Exhibit: The Seven Types of Aging Damage and Their Maintenance Approach
Stem cell therapy has been around for a while now, but fixes for the other six types of damage have not. With this in mind, the SENS Research Foundation was created using philanthropic funding to support the necessary early-stage research. It took a while, but as of today, it has been hugely successful, with most areas being far enough along to have attracted private-sector investment.
Is Research Moving in the Right Direction?
Research can, however, only benefit humanity if accompanied by a regulatory and monetary environment that facilitates its delivery to those in need, which, in this case, means the elderly. That challenge has historically been very real, but is crumbling now. The Food and Drug Administration in the U.S., for instance, has found a way to approve clinical trials for therapies against aging, thereby transforming the incentive structure for big pharma to make the required investment for developing them. The approval of new therapies is also becoming nimbler, with the advent of new concepts such as adaptive licensing. So it looks as though the path to the patient is opening up in time for the therapies to follow it once they are perfected.
What, then, is the likely time frame for all of this? Well, clearly any such prediction is bound to be wildly speculative, as with any research area—but there is a 50 percent chance that we’ll reach a truly decisive level of comprehensiveness for these damage-repair therapies within 18 years from now, in the late 2030s. We’ll get some of those therapies much sooner than that—indeed, a lot of them are already in clinical trials or within a year or two of entering them—but individual therapies will only give modest benefits to a minority of people, and the final step of combining the therapies may take a few years longer.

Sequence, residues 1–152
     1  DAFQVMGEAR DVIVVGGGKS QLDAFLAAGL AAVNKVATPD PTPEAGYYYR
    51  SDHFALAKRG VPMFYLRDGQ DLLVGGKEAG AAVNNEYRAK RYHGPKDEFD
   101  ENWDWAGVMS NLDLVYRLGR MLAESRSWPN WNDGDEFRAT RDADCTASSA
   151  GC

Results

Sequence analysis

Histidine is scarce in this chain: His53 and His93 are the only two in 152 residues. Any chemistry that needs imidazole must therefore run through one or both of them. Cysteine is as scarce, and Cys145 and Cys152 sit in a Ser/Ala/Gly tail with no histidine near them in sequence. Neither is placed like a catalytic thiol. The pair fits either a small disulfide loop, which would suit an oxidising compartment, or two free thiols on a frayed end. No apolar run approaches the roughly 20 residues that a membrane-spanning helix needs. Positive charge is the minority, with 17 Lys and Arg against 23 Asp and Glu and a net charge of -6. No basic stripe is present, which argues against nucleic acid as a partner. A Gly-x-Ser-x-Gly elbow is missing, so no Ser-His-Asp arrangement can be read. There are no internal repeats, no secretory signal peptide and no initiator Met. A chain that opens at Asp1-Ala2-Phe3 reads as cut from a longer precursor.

When confronted with this prospect, many people recoil: They leap to dystopian assumptions about humanity’s inability to adjust to a post-aging world and to the conclusion that aging is actually a blessing in disguise. This is an irrational response to our fear of the unknown and our fear of being let down.
The defeat of aging is no more and no less than the ultimate goal of medicine. All the other goals of medicine are ethically uncontroversial. For example, no one tries to argue that it would be a mixed blessing to have a cure for Alzheimer’s disease or cancer. The only reason we feel differently about aging is because, through a necessity that existed from the dawn of civilization until only 20 years ago, we have made our peace with aging so as to put it out of our minds.
Now is the time to re-engage that battle.